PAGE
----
My Wicked, Wicked Ways
|Original title||My Wicked, Wicked Ways|
|Publisher||G. P. Putnam's Sons|
My Wicked, Wicked Ways is an autobiography written by Australian-born American actor Errol Flynn with the aid of ghostwriter Earl Conrad. It was released posthumously in 1959 and became immensely popular for its cynical tone and candid depiction of the world of filmmaking in Hollywood. My Wicked, Wicked Ways has sold over one million copies. The book has never been out of print.
The original publisher, Putnam paid an advance of $9,000 to Flynn for the rights of his autobiography. Ghostwriter Earl Conrad was sent to Flynn's home in Jamaica to collaborate with the actor throughout the writing period. According to Beverly Aadland, Flynn's teenage girlfriend, Conrad was usually drunk and spent most of his time chasing Jamaican women. Aadland also claims that she and Flynn had difficulty removing him: "He was basically a doorstop with paid vacation". Jeffrey Meyers' introduction in the Aurum edition of My Wicked, Wicked Ways claims that Flynn dictated the book to Conrad from August to October 1958, and that he was a "literary stand in". Conrad would eventually publish his own book, Errol Flynn: A Memoir in 1979 depicting Flynn's final year, their literary collaboration, and hearing the news of the actor's early death. My Wicked, Wicked Ways depicts major figures from the Classic Hollywood period including Jack L. Warner, John Barrymore, Bruce Cabot, Flynn's first wife Lili Damita and director Michael Curtiz. Flynn also writes of falling in love with co-star Olivia de Havilland.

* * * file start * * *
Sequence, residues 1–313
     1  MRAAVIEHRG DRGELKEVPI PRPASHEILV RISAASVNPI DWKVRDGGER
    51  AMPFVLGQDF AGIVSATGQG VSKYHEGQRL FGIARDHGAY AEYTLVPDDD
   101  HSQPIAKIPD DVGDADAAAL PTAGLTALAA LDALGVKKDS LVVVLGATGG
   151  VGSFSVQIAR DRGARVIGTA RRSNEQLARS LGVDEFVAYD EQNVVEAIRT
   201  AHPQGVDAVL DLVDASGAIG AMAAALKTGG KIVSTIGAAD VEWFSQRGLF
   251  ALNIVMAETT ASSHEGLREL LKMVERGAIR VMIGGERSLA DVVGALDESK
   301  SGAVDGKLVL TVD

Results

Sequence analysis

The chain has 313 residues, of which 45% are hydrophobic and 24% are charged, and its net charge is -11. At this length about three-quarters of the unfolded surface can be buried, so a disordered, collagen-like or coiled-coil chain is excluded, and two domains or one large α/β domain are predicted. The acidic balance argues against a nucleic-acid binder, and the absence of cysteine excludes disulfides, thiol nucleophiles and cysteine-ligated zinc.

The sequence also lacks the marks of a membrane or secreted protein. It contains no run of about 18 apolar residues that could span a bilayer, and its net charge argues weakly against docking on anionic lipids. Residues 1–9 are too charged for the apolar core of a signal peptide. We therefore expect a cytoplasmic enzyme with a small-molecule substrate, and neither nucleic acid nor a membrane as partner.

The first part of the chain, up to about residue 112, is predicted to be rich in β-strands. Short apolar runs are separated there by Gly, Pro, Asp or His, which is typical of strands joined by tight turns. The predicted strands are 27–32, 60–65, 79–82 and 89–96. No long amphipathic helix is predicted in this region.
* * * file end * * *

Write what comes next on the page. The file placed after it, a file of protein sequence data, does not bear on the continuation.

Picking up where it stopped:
"This is a major autobiography in the tradition of Cellini, Casanova, and Frank Harris." – The Guardian
"Flynn set the record straight and is brutally honest in his posthumously published self-portrait. This restored version of the 1959 original contains numerous passages deleted from earlier editions for fear of lawsuits—he was equally brutal in his portrayal of many Hollywood big shots—plus eight pages of photos and a new introduction by biographer Jeffrey Meyers." – Library Journal
"A document on Hollywood life far beyond its fan magazine fascination… . [Flynn] delivers footnotes to film history that are hard to come by." – San Francisco Chronicle
"The Tasmanian-actor portrays himself not as a debonair swashbuckler but as a chronically unhappy soul whose luck, talent and high spirits vaulted him to fame, even as he remained unfulfilled until the end." – Indiana Gazette
"...the confessions of a rake, unsparing of himself or anyone else..." – Newsweek
"Incredibly absorbing… . Just as in life, Flynn spares himself nothing—and from his book emerges the same roguish charm that endeared his celluloid incarnation to millions." – Saturday Review
"Flynn writes cleverly, as he talked. He has left us a good book." – The New York Times
A TV movie adaptation called My Wicked, Wicked Ways: The Legend of Errol Flynn directed by Don Taylor and starring Duncan Regehr as Flynn was released in 1985.
- ^ a b Flynn, Errol (1959). My Wicked, Wicked Ways. Aurum Press. pp. 5–6. ISBN 0-8154-1250-9.
- ^ "Genius for living driven by a lust for death". The Australian. 3 June 2009. Retrieved 7 September 2016.[dead link]
- ^ Vagg, Stephen (December 15, 2019). "The Films of Errol Flynn: Part 6 – The Final Adventures". Filmink.
- ^ a b Flynn, Errol (1959). My Wicked, Wicked Ways. Aurum Press. pp. 3–4. ISBN 0-8154-1250-9.
- ^ My Wicked, Wicked Ways: The Legend of Errol Flynn (TV 1985), IMDb.com
- Earl, Conrad (1979). Errol Flynn: A Memoir. Robert Hale Ltd. ISBN 0-396-07502-9.